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Lesson Plan for Professional Development
Teaching Plan/Objective: Service Learning Plan for Elder Services (Professional Development Module)
Elders as Resources programs address a number of the social, psychological and cognitive needs of students in five major areas of development:
Realistic Portrayal of Adults- Students understand that older adults have as varied a background as they do -- different personalities, ethnic heritage, culture, etc. By providing direct experience with older adults, stereotypes are avoided that overly glamorize or denigrate old age.
Development of a positive attitude towards aging- Students understand that humans age and realize that some decisions made in youth carry over into adulthood. Direct experience with older adults in controlled settings are more effective in helping to change attitudes than rote learning or discussions without relative examples.
Understanding of life-decisions -- Stories from elders help students understand that at each point in life different decisions are made that impact the course of their life -- and what some of those consequences are (positive and negative). This tends to help students evaluate their own decisions related to diet, exercise, substance use, education and personal relationships.
Experience working with older people -- Students in the 21st century live in a society that has a much higher percentage of older adults than any previous generation. Still, older adults are often marginalized and rarely interact with youth -- many youth believing "old people" have nothing to offer. Experience and communication with older adults is transferable to future family and work situations that also involve older people.
Transmission of knowledge and values -- Older adults have a wealth of information that may be transferable to students of all ages. In the elementary classroom they can help students with basic subject matter and explain relevance; in middle and high school they can bring insights into historical and social events never found in texts. Programs in multicultural awareness may also be enhanced with presentations and interviews from older adults (Newman & Brummel, 1989; (Bage, 1999).
Attendees and Rationale -- The workshop will be open to all teachers, but specifically designed for those who may integrate lessons based on elderly inclusion in the secondary classroom (literature or social studies/civics). Additional presentations may be made by experts in elder care or psychology (by invitation), designed to offer suggestions and techniques to engage the elderly and help students understand what older adults can offer.
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Research done by a joint effort of the American Association for Retired Persons and the National Academy for Teaching and Learning about Aging found evidence that a majority of American children hold negative views of the elderly. This discovery should be no surprise. The elderly are revered in many other societies, but American society worships the young and beautiful. It's perplexing to think that the world's greatest country doesn't give the aged the deference that they've earned. If adults display little veneration for the elderly, children will model their example. However, the example set by adults is not solely responsible for children's negative views. According to Gene Cohen, the director of the Center on Aging, Health and Humanities, children's views concerning older people are greatly influenced by the books, stories and verse they are exposed to at an early age. A good example is a verse from a traditional folk song - "There was an old woman who swallowed a fly. I dunno why she swallowed the fly. Perhaps she'll die." With such verse, beloved as it is for its fun and nonsense, and with the portrayals of wickedness and wretchedness of older people in some Grimm or Anderson fairy tales, is it any wonder that elderly are viewed as silly, inconsequential and utterly disposable? (American Library Association, 2007).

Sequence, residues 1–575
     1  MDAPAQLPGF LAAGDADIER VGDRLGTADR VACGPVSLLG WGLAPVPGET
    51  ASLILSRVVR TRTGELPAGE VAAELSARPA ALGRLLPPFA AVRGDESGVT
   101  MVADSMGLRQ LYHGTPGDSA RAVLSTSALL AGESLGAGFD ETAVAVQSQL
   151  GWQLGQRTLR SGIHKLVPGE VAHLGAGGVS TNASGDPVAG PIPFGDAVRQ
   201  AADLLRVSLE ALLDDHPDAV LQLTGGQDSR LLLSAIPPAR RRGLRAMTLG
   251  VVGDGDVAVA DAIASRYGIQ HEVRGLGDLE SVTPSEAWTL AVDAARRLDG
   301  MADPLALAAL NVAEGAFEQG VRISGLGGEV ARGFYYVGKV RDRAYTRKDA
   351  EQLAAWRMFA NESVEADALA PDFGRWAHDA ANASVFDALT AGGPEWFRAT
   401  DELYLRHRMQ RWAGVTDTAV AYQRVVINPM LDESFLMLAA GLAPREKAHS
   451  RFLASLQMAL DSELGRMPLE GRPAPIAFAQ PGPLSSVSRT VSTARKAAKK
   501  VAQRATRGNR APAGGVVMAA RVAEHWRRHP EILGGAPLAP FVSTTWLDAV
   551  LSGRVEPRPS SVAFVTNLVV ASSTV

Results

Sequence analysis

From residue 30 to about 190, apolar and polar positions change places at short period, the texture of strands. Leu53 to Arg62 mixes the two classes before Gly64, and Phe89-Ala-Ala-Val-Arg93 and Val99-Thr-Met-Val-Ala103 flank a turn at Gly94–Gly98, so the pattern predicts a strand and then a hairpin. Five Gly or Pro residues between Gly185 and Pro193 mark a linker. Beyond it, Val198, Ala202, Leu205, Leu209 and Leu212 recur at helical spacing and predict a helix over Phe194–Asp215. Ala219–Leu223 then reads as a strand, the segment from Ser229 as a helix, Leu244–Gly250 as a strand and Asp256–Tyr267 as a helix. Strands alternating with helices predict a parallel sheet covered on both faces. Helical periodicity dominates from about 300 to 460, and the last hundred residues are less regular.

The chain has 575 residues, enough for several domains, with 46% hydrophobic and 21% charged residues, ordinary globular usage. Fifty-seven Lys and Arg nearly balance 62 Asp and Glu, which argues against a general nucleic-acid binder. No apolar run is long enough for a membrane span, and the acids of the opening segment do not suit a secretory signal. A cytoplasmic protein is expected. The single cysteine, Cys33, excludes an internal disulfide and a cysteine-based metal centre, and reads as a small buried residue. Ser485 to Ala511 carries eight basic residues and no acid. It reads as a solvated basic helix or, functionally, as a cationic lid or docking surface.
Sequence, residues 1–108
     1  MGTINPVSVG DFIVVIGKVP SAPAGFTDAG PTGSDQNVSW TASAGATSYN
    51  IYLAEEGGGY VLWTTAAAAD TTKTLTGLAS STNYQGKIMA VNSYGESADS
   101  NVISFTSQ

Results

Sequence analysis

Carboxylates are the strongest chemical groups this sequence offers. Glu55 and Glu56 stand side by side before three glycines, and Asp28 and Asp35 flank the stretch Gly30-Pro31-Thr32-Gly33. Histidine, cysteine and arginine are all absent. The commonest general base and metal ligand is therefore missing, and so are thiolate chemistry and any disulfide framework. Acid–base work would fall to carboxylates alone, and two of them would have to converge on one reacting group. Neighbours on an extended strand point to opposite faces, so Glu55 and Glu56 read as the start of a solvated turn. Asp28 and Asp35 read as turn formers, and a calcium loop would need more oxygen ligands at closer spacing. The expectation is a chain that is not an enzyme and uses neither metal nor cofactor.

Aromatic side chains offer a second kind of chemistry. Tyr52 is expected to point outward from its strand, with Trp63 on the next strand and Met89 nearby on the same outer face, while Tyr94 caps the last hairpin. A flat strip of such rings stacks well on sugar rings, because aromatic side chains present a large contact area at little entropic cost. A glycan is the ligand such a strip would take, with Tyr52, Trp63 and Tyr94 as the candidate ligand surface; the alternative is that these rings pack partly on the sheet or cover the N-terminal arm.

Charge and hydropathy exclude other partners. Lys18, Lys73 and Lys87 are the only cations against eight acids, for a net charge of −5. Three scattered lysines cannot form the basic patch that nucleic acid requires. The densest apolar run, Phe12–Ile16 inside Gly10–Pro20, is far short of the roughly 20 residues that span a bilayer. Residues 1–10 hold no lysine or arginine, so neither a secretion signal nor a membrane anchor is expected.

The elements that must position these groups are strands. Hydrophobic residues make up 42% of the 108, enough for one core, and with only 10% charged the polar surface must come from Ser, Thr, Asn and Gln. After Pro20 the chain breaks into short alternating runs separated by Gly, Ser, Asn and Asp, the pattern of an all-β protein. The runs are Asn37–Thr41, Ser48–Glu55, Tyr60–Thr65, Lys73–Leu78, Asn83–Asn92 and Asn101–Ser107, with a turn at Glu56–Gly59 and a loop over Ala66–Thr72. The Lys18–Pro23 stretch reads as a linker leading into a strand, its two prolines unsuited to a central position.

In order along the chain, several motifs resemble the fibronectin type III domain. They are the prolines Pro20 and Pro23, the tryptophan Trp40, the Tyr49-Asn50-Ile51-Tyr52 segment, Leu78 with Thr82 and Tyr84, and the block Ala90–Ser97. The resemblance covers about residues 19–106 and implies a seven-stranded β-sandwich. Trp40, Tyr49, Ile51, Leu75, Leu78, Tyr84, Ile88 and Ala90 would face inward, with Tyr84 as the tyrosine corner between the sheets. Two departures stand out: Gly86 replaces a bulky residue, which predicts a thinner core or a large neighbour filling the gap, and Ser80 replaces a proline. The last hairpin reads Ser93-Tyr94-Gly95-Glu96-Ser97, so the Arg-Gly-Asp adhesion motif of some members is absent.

Preassessment and Prior Knowledge -- Without understanding the past, scholars say, we cannot attempt to understand the future. Begin by bringing group into a circle and passing out a single sheet of paper and pencil/pen.
1. Ask students to define what it means to be old or elderly and why they believe that to be true?
2. Ask students: (replace grandparents with older adults if necessary): When was the last time you sat down with your grandparent or elderly parent and asked them to tell you about the old days? Have you ever done so? When was the last time you asked these same people their advice or opinion on anything from a recipe to world events?
3. Place students in groups of 3-5, depending on class size. Ask students to brainstorm, then fill in the chart below (a larger version would be passed out) Ask students to quickly draw a timeline of how they perceive a typical life span, for instance:
On the top line, have them label life stage (e.g. birth, childhood, adolescence, etc.) along with the approximate year span (e.g. infancy 1-3, etc.)
On the bottom line, for each stage, define the characteristics that come to mind for them (e.g. infancy = dependence, small world view, etc.)